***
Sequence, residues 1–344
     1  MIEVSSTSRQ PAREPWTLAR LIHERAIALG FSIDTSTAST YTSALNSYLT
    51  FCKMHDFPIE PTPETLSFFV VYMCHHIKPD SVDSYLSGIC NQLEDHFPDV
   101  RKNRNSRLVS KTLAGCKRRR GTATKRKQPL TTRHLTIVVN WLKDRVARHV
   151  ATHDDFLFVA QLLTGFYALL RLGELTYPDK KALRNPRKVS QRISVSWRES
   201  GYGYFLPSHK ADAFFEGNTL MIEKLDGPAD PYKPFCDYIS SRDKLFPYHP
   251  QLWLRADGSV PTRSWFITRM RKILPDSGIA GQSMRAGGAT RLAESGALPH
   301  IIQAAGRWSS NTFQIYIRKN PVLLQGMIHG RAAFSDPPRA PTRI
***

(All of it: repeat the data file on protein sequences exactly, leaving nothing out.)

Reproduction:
Sequence, residues 1–344
     1  MIEVSSTSRQ PAREPWTLAR LIHERAIALG FSIDTSTAST YTSALNSYLT
    51  FCKMHDFPIE PTPETLSFFV VYMCHHIKPD SVDSYLSGIC NQLEDHFPDV
   101  RKNRNSRLVS KTLAGCKRRR GTATKRKQPL TTRHLTIVVN WLKDRVARHV
   151  ATHDDFLFVA QLLTGFYALL RLGELTYPDK KALRNPRKVS QRISVSWRES
   201  GYGYFLPSHK ADAFFEGNTL MIEKLDGPAD PYKPFCDYIS SRDKLFPYHP
   251  QLWLRADGSV PTRSWFITRM RKILPDSGIA GQSMRAGGAT RLAESGALPH
   301  IIQAAGRWSS NTFQIYIRKN PVLLQGMIHG RAAFSDPPRA PTRI